HARDBOILED TIED IN RIBBONS
Gumshoes, Blondes and Blackmail
There are properly extended reviews of Hill, Jackson & Rizzuto’s recent The Annotated Big Sleep. You might for example try Geoff Nicholson, in the Los Angeles Review of Books. My interest isn’t nearly expert enough for that. It’s simply a fascination with the decades of the 1940s and 50s - and with the generation that came through them - that Raymond Chandler wrote about and for. His seven novels, featuring private eye Philip Marlowe, were published at intervals through those two decades, more or less. The Big Sleep, published 1939, was the first.
Habits and Prejudices
So this is not a review. Instead, it leans heavily on The Annotated Big Sleep in order to marvel at how fast the world of a novel dates. We know the past is another country. The shock is that we become expatriates so soon. The Big Sleep, after all, was published just about within living memory. Yet already we profit immensely from reading it with notes: notes on the shaping events, on the language and idiom, the manners, mannerisms, habits and prejudices of the times. Without them, there are commonplaces that go missing. References pass by. On practically every page. Not least, we profit from notes on the world of hardboiled fiction that The Big Sleep was about to transform. The hardboiled school was everywhere on the newsstands when Chandler first enrolled in it, and Hill, Jackson & Rizzuto are revelatory here about its catalogue of accessories. The gumshoe? Blondes and blackmail? Hard liquor? The camera eye? They hardly get you started on the hardboiled themes, motifs and devices that Chandler was accommodating, when he shouldered The Big Sleep into the ranks of dark, toughened-up mystery writing. Like his readers, in 1939 Chandler knew his way around dark from direct experience, and could see plenty more tough on the horizon. But by then he’d also worked at how to put those things on the page, until he had the whole repertory of hardboiled dripping from his fingers. It had taken time.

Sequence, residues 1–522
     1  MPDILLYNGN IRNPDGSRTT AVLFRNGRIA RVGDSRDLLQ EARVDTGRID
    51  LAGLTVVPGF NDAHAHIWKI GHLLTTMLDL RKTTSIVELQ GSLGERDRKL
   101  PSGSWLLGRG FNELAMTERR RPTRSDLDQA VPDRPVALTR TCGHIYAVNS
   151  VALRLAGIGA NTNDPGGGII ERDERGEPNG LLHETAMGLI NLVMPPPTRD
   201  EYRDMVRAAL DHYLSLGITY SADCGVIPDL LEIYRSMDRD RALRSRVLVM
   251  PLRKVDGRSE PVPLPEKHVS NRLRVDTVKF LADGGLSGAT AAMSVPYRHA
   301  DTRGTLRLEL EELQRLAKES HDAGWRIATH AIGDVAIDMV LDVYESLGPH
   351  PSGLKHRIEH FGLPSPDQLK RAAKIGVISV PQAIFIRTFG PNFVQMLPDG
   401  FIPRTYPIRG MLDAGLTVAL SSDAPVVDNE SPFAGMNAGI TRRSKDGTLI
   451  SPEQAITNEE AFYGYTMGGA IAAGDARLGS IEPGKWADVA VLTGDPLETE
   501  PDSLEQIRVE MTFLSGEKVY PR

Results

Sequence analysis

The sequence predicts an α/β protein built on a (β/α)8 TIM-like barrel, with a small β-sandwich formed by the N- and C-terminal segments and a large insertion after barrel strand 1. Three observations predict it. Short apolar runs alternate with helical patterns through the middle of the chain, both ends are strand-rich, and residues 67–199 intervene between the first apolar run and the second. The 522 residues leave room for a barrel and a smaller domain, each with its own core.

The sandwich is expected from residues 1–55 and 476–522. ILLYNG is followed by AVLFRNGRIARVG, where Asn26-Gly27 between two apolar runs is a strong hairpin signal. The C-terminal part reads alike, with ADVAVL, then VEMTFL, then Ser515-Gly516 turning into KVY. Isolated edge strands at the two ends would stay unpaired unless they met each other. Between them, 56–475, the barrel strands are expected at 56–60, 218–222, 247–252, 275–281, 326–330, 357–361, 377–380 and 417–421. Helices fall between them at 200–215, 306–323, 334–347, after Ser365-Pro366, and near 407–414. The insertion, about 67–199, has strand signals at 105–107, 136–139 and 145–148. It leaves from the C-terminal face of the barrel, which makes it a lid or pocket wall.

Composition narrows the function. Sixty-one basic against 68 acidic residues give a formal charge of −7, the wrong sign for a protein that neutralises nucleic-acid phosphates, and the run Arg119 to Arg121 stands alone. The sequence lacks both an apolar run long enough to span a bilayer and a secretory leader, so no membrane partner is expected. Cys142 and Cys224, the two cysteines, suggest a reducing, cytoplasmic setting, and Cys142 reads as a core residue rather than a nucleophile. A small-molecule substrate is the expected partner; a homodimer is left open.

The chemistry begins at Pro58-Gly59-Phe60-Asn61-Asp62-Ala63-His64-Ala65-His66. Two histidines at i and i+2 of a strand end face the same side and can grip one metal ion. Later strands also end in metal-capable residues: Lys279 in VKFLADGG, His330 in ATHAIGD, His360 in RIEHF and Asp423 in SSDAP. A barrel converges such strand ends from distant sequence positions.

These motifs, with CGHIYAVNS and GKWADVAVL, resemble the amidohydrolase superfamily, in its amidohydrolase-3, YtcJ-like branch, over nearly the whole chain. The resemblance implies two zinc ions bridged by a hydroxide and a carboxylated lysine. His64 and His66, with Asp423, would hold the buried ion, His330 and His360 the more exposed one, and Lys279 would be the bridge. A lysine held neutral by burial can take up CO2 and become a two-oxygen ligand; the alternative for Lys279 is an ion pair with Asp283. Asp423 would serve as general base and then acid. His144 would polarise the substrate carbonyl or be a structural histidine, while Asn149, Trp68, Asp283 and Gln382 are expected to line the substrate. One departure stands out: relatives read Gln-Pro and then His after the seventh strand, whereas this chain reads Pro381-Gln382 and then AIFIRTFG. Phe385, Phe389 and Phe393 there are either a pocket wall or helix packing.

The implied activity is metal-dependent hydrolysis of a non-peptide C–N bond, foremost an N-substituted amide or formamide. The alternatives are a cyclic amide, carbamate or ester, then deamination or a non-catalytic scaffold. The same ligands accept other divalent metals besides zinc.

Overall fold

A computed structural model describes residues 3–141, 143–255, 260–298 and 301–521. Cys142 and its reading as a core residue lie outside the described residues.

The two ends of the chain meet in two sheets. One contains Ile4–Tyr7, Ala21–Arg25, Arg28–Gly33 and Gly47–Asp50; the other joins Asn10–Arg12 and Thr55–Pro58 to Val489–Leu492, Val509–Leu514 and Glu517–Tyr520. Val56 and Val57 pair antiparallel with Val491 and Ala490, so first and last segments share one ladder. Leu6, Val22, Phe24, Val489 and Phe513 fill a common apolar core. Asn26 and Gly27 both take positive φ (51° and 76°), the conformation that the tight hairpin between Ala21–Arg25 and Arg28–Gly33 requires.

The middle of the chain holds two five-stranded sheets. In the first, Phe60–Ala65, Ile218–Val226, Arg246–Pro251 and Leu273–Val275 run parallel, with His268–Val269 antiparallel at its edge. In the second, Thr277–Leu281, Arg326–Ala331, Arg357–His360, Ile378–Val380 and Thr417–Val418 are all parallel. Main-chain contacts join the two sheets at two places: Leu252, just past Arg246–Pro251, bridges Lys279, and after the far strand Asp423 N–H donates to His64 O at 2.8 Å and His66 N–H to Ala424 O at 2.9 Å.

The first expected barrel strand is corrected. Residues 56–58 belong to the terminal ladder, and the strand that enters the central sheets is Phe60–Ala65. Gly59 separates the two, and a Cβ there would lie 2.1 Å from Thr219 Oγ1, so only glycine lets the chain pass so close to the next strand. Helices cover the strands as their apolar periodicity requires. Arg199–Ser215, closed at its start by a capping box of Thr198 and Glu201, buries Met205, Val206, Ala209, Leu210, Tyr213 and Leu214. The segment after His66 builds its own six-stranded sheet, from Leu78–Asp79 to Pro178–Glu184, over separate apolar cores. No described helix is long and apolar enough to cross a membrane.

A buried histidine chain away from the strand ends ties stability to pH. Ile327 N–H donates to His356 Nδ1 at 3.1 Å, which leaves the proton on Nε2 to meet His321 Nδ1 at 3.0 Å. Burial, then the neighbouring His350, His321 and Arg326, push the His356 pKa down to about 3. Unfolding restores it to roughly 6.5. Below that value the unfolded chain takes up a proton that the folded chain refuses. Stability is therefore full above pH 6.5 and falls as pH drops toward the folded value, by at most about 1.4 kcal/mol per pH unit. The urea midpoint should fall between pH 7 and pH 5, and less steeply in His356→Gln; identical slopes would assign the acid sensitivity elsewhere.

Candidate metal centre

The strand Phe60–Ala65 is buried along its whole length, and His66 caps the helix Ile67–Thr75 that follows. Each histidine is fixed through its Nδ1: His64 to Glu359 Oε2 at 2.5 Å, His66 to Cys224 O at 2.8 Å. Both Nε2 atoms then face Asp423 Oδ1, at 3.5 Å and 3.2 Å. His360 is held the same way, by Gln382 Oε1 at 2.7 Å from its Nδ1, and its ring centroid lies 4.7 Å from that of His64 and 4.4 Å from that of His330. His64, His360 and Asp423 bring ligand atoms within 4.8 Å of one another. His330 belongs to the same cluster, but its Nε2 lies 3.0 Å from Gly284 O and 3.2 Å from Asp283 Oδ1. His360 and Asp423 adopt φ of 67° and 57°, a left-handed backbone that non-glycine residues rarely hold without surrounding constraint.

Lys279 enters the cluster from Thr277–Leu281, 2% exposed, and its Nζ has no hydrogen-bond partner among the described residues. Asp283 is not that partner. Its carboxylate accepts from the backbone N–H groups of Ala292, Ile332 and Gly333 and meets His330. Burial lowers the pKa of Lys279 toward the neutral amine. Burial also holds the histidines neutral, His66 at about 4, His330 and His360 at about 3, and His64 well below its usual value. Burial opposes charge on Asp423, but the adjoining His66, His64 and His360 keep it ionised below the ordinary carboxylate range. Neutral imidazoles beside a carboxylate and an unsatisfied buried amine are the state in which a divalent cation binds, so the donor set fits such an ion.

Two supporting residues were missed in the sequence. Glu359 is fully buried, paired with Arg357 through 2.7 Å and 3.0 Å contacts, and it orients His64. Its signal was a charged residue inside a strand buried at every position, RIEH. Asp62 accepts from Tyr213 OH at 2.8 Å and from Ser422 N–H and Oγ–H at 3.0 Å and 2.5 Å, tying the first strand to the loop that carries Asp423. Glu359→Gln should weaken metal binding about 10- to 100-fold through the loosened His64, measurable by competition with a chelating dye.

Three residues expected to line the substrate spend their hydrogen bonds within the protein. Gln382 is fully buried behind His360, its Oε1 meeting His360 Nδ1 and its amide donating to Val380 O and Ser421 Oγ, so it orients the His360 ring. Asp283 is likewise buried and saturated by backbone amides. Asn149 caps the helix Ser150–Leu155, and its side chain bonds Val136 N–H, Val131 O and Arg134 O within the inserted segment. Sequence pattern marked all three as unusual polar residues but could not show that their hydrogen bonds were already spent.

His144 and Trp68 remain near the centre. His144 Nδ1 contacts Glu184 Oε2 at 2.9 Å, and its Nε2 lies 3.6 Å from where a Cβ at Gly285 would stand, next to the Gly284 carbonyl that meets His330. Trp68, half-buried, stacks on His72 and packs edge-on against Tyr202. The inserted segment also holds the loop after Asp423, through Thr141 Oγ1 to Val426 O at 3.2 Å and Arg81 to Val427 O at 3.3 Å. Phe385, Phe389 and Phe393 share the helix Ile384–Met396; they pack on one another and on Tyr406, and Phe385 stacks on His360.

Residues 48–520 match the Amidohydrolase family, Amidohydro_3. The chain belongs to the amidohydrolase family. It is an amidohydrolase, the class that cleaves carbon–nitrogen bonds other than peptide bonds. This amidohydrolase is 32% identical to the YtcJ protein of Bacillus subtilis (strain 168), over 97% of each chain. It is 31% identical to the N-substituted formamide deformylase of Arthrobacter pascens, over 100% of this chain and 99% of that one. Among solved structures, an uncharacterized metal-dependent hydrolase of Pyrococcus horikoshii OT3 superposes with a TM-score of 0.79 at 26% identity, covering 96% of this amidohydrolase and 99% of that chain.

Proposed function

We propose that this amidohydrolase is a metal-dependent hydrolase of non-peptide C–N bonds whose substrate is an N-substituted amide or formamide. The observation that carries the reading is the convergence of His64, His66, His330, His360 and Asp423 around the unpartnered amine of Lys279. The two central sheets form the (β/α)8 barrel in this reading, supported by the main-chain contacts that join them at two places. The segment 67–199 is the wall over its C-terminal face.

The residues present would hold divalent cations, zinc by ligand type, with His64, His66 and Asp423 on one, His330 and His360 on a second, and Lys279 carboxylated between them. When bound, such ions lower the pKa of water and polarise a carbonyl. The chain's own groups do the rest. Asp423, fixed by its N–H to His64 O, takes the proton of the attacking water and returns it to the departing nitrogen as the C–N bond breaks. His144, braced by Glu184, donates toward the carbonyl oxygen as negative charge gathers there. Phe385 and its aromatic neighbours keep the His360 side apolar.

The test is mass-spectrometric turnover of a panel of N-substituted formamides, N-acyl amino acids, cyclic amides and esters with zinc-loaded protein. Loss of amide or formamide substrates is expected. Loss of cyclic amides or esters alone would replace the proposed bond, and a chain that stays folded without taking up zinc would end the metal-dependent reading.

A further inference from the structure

Chandler apprenticed himself to the mystery pulps for most of the 1930s. In the midst of the Great Depression, down and out of a job, he’d made a living at a penny-a-word, learning his new craft as he wrote. An English classical education had taught him to analyze. He brought method and application of his own. And as for the learning the ropes, the fellow pulp writers he could crib from were the best; there’s a 1936 photo of Black Mask magazine authors, Chandler in there among them, where Dashiell Hammett stands a head above the rest.
Analyzed, absorbed and then practiced in a score of his Black Mask and Dime Detective stories, Chandler imported those hardboiled accessories, wholesale, into his first full-length novel. And yet, though The Big Sleep was born into cliché on an industrial scale, it was promoted hard by its publisher Knopf and it sold; better than the average from the outset, and triumphantly in paperback. The book has been in print ever since. So what did it do that was so different?